I shut the door, wishing them well, and sighed in relief. I felt half of the anxiety leave. Only one to go. Only one to go, I told myself. I attempted to self-soothe, to talk myself into the fact that I was safe. But I couldn’t. Though half the anxiety had left, the remaining panic was newly fresh and alarming, clawing at me from the inside out. I just couldn’t do it. Not alone. Not by myself. Not with all the uncertainties.
I rushed then. I darted down the stairs in a state of meltdown. I was imploding and exploding all at the same time. The outside me, the observer that sometimes watches, and takes note of my behavior, and who is often able to laugh or offer sound advice, she’d been swallowed up in the confusion of my emotions.
I had to find my husband, make sure he was dressed, and get him upstairs, right away. There was no time to wait. My soul was on fire!
I found my husband in his boxers, doing something in front of the mirror. I don’t remember what. Everything was a jolted blur of rush and chaos. “Please hurry, he will be here any moment, and you know how I am,” I whined.
I looked my husband over and realized he hadn’t showered yet. It had been twenty minutes, and he still hadn’t showered!
“What have you been doing?” I queried rudely. “This whole time you could have showered, and you didn’t. Why didn’t you? Why did you leave me up there alone? Why? You don’t get me. You don’t know me. What do you not understand about Aspergers? What do I fear the most? What do I fear the most!”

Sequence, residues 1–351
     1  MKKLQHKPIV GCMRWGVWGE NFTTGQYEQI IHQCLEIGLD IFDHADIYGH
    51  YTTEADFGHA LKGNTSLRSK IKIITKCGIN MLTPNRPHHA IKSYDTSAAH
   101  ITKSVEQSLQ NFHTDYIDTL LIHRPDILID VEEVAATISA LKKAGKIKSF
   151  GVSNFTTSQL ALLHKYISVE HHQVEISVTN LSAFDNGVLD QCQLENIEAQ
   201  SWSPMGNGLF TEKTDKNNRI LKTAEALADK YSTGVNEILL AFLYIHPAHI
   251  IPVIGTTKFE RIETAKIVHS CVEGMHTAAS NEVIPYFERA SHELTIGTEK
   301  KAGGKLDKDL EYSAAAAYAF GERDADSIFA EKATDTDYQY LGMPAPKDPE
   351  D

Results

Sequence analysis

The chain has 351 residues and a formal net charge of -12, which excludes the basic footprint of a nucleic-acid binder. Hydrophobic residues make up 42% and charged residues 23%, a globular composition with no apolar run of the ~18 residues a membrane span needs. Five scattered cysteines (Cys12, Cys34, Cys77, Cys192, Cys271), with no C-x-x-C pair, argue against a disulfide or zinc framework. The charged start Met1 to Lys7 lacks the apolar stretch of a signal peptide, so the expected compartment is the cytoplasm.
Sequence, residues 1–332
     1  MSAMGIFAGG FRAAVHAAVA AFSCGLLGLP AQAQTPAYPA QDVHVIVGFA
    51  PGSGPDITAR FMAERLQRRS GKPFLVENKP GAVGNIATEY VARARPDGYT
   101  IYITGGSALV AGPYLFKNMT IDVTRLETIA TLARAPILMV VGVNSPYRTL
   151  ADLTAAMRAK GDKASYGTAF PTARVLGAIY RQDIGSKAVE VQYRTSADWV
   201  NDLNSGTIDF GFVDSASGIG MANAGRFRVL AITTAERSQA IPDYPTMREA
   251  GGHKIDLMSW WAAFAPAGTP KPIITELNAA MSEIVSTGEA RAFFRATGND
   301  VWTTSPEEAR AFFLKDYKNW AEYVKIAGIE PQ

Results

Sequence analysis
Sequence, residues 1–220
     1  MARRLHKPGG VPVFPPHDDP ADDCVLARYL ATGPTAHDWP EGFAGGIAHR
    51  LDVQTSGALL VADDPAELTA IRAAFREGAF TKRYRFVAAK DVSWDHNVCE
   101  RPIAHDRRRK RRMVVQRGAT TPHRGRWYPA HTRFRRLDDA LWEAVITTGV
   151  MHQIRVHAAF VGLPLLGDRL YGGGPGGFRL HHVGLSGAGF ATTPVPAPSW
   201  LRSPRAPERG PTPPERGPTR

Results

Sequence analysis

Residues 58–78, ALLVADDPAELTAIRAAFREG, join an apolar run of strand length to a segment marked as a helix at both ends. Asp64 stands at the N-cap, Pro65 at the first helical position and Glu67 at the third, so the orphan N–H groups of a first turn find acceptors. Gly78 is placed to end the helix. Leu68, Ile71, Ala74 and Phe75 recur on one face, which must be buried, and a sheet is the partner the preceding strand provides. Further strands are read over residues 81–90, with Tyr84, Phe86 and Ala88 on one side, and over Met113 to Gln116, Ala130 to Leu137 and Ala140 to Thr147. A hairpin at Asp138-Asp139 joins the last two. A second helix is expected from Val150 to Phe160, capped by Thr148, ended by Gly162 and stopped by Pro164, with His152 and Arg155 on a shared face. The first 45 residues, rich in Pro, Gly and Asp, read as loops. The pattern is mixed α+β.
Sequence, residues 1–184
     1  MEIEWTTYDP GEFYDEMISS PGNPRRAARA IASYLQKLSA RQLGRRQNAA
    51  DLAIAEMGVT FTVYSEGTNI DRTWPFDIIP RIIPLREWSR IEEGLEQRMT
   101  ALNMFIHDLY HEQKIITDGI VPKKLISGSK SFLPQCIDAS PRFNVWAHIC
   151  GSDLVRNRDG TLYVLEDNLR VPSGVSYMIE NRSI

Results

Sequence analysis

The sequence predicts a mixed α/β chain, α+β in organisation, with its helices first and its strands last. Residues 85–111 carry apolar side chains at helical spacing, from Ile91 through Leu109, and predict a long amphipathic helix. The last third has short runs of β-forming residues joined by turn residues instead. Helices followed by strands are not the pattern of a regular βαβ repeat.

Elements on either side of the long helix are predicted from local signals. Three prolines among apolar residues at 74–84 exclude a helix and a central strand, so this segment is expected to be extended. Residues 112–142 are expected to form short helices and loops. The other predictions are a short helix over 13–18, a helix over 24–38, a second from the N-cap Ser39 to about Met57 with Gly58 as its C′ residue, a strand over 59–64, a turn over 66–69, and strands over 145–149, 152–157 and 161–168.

My husband stammered with his eyes and braced himself against the bathroom door. I could see he was processing my emotional state. I could sense the familiarity of his experience: how he knew I was on the verge of freaking out and that his next move would either create a domino effect of me collapsing into hysteria or serve to bring me out somewhat from my spinning panic.
He stepped closer, and waited for me to finish my thoughts, waited in a way and with a skill I have not yet learned, and fathom I shall never learn. I felt a reckoning of sadness, a knowing I was different, odd, and displaced on a planet where my skillset had never been completed, where my tool box of communication skills was vastly depleted.
I wept inside, until the fear rose. I went on fast then, and with an unrelenting urgency. I knew what I was doing and what I was feeling, and it all felt so ridiculous and unnecessary and unfounded and just plain stupid, but I couldn’t help myself. I was trapped in a prison of jumbled thought and worry.
I said more, my words not chosen carefully, my panic taking the wheel. “You abandoned me. You abandoned me. You say to me ‘You take it from here; I’m going to shower,’ and you leave me to face the strangers. You know how I am? How could you do this?” My eyes were welling with a mixture of tears and rage.